“Before I broke into the IT racket,” Scott Simons writes, “I was a front-line Customer Service Rep. At the time, the procedure for logging into our service management system was a bit puzzling.”
“Like many organizations, your User ID was assigned by the company, but you had to choose your own password. But instead of having a screen to do that, you had to fill out a Password Request Form and fax it corporate headquarters. And then things got strange.
“There was a 50/50 chance that corporate would reject your password. There was no rhyme or reason, such as not having enough numeric characters, or anything like that. It was just a simple notice, sent back via fax: Your password was not created. Please choose a different password.
“Actually, their rejection messages weren’t always so simple. I decided to change my password one day to something more secure – two mixed-case passwords with numbers and special characters – but IT rejected it because they couldn’t read my handwriting. I typed out my secure password and then refaxed it. They responded that they changed my password... but not to what I picked: they just randomly chose some word, like frequency. Evidently they were tired of dealing with me.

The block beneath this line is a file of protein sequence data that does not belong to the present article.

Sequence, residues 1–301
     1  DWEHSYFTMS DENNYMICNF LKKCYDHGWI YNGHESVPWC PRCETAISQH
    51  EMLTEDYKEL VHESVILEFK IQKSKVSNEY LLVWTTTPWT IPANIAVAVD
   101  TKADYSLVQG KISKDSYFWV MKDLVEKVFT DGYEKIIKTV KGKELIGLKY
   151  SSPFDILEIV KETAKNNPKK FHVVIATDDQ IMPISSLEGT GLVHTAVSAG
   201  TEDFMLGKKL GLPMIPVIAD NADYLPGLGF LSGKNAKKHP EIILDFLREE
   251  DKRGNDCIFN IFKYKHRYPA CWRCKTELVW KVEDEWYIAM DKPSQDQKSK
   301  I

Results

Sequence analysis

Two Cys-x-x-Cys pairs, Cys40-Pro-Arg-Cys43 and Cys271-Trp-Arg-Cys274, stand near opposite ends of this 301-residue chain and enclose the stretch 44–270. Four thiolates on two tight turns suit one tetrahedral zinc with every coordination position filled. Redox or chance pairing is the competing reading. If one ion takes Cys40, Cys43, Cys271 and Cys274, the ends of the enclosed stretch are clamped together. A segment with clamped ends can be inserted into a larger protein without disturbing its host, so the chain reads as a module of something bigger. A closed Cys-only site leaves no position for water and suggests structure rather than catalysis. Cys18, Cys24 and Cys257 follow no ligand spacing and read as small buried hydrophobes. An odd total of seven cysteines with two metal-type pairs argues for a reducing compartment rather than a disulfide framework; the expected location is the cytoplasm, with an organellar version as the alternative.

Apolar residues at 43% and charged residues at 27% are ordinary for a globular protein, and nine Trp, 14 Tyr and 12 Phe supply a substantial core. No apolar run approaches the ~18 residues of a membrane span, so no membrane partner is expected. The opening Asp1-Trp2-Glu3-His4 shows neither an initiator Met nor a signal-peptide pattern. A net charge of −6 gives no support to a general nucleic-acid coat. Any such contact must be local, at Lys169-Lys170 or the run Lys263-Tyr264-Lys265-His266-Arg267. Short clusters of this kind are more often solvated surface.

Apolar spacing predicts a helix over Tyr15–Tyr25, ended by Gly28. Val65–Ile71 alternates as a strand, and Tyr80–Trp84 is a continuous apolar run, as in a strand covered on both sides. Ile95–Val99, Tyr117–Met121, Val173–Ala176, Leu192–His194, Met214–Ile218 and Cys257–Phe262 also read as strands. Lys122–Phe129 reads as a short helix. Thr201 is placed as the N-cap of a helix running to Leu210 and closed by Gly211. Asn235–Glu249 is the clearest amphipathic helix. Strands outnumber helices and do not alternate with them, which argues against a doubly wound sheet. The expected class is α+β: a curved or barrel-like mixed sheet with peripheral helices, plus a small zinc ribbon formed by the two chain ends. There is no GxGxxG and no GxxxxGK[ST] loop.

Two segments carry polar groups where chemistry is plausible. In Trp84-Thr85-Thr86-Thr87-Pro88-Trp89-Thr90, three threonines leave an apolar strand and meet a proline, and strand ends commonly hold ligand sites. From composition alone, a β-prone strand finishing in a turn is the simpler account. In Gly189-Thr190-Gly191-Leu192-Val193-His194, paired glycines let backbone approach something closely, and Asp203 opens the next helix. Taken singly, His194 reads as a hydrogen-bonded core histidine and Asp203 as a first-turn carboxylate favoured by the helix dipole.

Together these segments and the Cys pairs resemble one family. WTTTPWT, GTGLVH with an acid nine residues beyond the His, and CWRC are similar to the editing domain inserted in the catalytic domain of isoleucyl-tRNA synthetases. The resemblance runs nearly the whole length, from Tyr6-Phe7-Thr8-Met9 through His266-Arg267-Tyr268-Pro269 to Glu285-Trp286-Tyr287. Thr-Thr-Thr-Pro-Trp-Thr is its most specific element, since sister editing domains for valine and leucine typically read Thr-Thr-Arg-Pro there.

“And then, one day, everything clicked. I became enlightened when I mistakenly typed in a password that I had unsuccessfully requested at one time in the past: instead of a invalid credentials message, I found myself logged in as a completely different user.
“A little testing (at other people’s workstations, just in case) confirmed my incredible suspicion: the User ID field on the login screen was a dummy. The login script looked only at the password field, comparing it to the list of passwords; if it matched, you were logged in as the user who owned that password, regardless of what User ID you had entered into the screen. The reason that passwords were sometimes rejected was simply that each user had to have a unique password for this ‘security’ scheme to work.
“I guess you could call it could call it fake one-factor authentication? Or half-factor authentication?
“After playing around a bit more, it was really easy to find some poorly-thought out passwords that belonged to users with much more powerful system permissions than mine. I believe one of them was a sales manager in Boston, who was apparently fond of kittens.
“I never chose to wreak any havoc with this knowledge – or even share this crazy scheme with my coworkers – but I’m glad I can finally tell someone about it today.